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I took the liberty to go through feedback that had been given to a couple of freelancers on various sites. Some clients had given really negative feedback to the freelancers they had worked with and quite a low rating. I am not privy to the facts as there are different reasons why a client may do this. Some reasons are genuine while other clients are simply difficult to please.
These are just some of the comments I came across:
“Freelancer did not follow specific instructions given. I had to redo the whole job. When I contacted freelancer about deficiencies she refused to respond to my concerns.” Feedback given – 2.5
“Elancer did one job for me with no issues. Asked for more work.
I gave her more work, she stopped communicating. I’m so disappointed. Never again!!” Feedback given – 1.0
No one likes to receive bad feedback but it can happen. And it happened to me.
“Say it ain’t so Sheeroh!’
Oh, yes it did and here’s the story.
Sometime in February this year, I worked for a client who needed transcription services. I found the client via oDesk. The audio was difficult but happy to land the contract, I started working. There was only one speaker,a Taiwanese man with a very thick accent. Having been given a good TAT, I typed away.
However, about six hours later, out of the blue, the client decided that he wanted his transcript earlier than we had agreed. I couldn’t for the life of me understand why.
I knew I couldn’t manage the change in TAT given the thick accent that the speaker had, among other issues. I therefore told him that I could only manage to send him what I had transcribed so far if it was extremely urgent.
After sending him the transcript, we both agreed to end the contract. He very nicely reminded me to leave him good feedback as he was going to do the same.
End of story?
Not exactly. The feedback he gave left me with a bad taste in my mouth. I clearly remembered he had said I should leave him good feedback as he would do the same. I felt so cheated!
Luckily, I had the chance to respond to the negative feedback. Also, because I have experience working on Odesk, I decided not to leave any feedback for this client immediately, but to wait until 14 days had elapsed. Call it a gut feeling. If you’ve worked on Odesk, you know that the feedback appears on your profile after 14 days whether you have left feedback for the client or not.
But where am I really going with this?
I want to show you the various ways you can respond to negative feedback should it happen to you.
First off all, do not respond to the negative comment immediately.
You might be upset but you need to ask yourself whether that comment represents the true picture. Truth be told, sometimes freelancers just don’t meet the expectations of the client.
Here are some strategies.
1. Hiding Your Feedback
The worst way to deal with negative feedback in my opinion is to hide it. The first thing that comes to a potential client’s mind when you hide the feedback is why in the world would this freelancer have gone to the extent of hiding the comment? Was it that bad? Frankly, I think it looks suspicious and the client may end up imagining something far worse than what the actual negative feedback was about.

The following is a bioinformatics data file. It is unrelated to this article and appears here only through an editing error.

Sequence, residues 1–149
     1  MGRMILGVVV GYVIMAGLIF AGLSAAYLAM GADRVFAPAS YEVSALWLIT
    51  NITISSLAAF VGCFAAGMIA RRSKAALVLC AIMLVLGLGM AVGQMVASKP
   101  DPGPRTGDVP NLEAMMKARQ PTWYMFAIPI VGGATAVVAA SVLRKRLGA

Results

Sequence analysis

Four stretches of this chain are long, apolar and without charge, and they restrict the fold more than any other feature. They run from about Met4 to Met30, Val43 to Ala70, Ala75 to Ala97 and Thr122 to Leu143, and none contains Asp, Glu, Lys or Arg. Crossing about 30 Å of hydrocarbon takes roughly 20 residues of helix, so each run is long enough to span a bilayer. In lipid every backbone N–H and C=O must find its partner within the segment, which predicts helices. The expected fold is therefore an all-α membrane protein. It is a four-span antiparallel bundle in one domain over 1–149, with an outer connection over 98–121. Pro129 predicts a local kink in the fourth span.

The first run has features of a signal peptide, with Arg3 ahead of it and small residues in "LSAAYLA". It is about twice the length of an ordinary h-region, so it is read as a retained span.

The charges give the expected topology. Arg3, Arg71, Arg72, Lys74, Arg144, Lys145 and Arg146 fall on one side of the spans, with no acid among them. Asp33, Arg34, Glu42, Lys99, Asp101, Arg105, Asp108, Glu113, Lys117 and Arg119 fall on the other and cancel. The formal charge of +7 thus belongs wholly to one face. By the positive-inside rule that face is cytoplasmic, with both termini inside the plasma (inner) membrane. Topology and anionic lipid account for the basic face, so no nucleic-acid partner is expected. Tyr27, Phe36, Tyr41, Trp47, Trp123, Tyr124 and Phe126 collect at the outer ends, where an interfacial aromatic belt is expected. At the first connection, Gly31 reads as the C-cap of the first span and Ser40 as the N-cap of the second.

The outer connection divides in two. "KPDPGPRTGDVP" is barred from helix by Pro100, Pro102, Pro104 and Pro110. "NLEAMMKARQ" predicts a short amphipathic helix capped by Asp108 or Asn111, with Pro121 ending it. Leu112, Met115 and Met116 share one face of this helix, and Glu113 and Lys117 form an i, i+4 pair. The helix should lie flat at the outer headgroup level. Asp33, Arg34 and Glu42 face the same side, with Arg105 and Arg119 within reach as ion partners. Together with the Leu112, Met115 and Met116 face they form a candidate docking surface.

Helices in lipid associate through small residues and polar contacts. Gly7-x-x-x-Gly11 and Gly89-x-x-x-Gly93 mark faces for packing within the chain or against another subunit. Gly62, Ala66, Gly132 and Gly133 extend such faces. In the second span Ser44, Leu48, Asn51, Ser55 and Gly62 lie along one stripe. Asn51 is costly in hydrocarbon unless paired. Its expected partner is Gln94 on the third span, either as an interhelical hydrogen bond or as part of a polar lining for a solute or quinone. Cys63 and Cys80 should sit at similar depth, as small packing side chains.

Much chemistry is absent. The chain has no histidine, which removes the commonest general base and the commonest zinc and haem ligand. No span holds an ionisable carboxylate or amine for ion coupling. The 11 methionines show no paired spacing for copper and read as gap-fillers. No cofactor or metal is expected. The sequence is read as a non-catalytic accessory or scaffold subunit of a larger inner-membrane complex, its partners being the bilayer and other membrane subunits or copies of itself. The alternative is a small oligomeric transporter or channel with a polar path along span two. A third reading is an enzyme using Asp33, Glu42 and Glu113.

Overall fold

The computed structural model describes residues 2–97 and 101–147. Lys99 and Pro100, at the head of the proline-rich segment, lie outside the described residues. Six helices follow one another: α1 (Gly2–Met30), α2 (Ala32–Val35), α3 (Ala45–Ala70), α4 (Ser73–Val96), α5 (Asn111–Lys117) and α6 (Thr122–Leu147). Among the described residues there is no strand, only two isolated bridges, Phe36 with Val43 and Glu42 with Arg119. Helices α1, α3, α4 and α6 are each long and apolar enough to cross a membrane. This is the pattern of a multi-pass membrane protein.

2. Respond to the Feedback
Respond professionally, I might add. This is your chance to give your side of the story. It’s easy to get caught up in the emotions and come off sounding defensive, angry and bitter. Make sure your feedback is brief, straight to the point and not rude. Your potential clients will be taking this into account before hiring you therefore your response is very important.
3. Contact the client and fix the issue
If the issue can be fixed it is advisable to fix it. This may be a revision of an article, thorough proofreading of a transcript etc. Ask the client if they are willing to edit the feedback if you make the necessary changes. This will not be a problem if you’re dealing with a reasonable, level-headed person. Inform the client that a positive feedback means a lot to your online reputation and your freelancing career.
All the same, is it the end of the world if this were to happen to you? Certainly not! I have received more jobs even after that unfortunate experience.
One thing I did was to send bids for small contracts, you know, 20 minutes transcription, 30 minutes transcription as I was aiming for the feedback. It wasn’t long before I was back on my feet again.
Did I say back on my feet? Actually, I never fell in the first place. Luckily, I had received great feedback from my other clients so this particular one did not affect my overall rating at all.
The point is treat your clients right and when you do come across a difficult client, it will not severely affect your ratings. Always take the feedback seriously and think about how you can improve and grow as a freelancer.
Positive feedback on many freelancing sites is important as it determines whether you will rank higher on searches, thus increasing your chances of getting more jobs.
Negative feedback is definitely not the end of your freelancing career. Look at where you need to make adjustments and move confidently ahead.
Now, it’s your turn. Has this ever happened to you? I’d love to hear from you.
And of course, you know the drill; SHARE the love on your social networks. Let’s share this message that there is WORK and money to be made ONLINE!